Even in track and field, where the stopwatch and the tape measure are the true arbiters of greatness, and where cash bonuses are given for setting a new mark, it is a moot point as to whether holding a world record can match the glorious possession of an Olympic gold. In football there is no dispute. Records may book a footnote in posterity but achievement is weighed in silverware.
Thus, Arsenal's joy at reaching a new landmark, equalling the longest unbeaten start to a season, was tempered on Saturday by the knowledge that they were still to gain tangible reward for their efforts. "The record is not the priority but it is a good basis to win a championship," their manager, Arsène Wenger, reflected.
Indeed, Arsenal's emotion at the conclusion of the match at Highbury was relief rather than delight. Bolton Wanderers may not have threatened their unbeaten status but they did come perilously close to gaining a draw which would have offered Arsenal's pursuers an invigorating chink of light.
As the match, which began as a romp but developed into what Thierry Henry described as a "Hitchcock" ("no one knew what was going to happen next," he explained), neared its tense conclusion Wenger was not the only one whose mind went back to last season's encounter at the Reebok Satdium, the draw which sounded the death knell for Arsenal's championship ambitions. On this occasion he kept his tie on, and Arsenal held on to their lead, but as Ivan Campo's injury-time volley illustrated as it flew just over the Arsenal bar, it was a near thing.
"I thought if they came back to 2-2, it would be a mental blow before this week's Champions' League game [against Chelsea]," said Wenger, whose own disposition was revealed when he leapt to his feet, screaming for a penalty, after Freddie Ljungberg fell over the ball late on.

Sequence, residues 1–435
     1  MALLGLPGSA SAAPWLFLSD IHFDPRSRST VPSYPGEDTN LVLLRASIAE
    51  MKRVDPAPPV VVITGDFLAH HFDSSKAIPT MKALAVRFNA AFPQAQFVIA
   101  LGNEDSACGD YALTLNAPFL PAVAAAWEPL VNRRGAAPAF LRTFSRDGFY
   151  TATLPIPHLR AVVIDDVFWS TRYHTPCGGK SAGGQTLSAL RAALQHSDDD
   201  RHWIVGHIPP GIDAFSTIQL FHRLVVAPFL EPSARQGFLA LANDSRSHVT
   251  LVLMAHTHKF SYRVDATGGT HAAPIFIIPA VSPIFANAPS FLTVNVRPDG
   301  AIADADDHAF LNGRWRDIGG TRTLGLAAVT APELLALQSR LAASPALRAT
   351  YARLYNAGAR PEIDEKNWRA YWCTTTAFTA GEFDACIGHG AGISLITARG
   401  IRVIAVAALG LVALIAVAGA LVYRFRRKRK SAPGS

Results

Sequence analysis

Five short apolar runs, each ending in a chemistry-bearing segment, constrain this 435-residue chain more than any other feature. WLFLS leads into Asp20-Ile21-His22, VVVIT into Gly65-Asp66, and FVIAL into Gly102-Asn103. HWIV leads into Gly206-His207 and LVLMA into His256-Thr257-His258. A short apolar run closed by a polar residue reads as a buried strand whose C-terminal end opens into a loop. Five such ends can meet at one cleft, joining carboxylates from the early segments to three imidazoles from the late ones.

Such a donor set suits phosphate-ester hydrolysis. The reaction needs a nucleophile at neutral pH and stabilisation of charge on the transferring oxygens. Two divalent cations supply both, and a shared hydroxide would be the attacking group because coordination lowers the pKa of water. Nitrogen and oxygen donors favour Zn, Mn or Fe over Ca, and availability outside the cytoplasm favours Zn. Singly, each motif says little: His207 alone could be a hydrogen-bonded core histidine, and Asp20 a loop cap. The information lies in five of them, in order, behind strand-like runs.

"I was not nervous, just tense," he said, unconvincingly. There seemed more verity in his assertion that his team's inability to close the game up owed more to Bolton's spirit, the windy conditions and, especially, an attempt to conserve energy for Chelsea, than memories of the Reebok. Having eased down a gear, Arsenal found it hard to step back up.
Nevertheless, had Bolton levelled, some introspection would have crept in, especially as Chelsea could have closed the gap to four points by the time Manchester United arrive at Highbury on Sunday.
"You have to win these games and we have," Henry said. "That's the big difference between last season and this. We're playing more as a team. It's not a case of expecting two or three players to do something, everyone is playing their part. We had Kolo [Touré] running forward and the strikers defending. Everyone knows what it takes to win."
Henry's brilliance is such that it must be tempting to rely on him: After five minutes he had rattled Bolton's crossbar from 25 yards, and he was always a threat. Yet he is just one of several match-winners as Bolton found when, suicidally, they stood off each of Edu, who flighted the pass, Dennis Bergkamp, who laid it off, and Robert Pires, who curled his shot inside the far post. Bolton were being torn apart and, after Emerson Thome nearly headed a back-pass into his own net, Bruno N'Gotty played Henry onside for Pires's pass and Bergkamp thumped in the cross.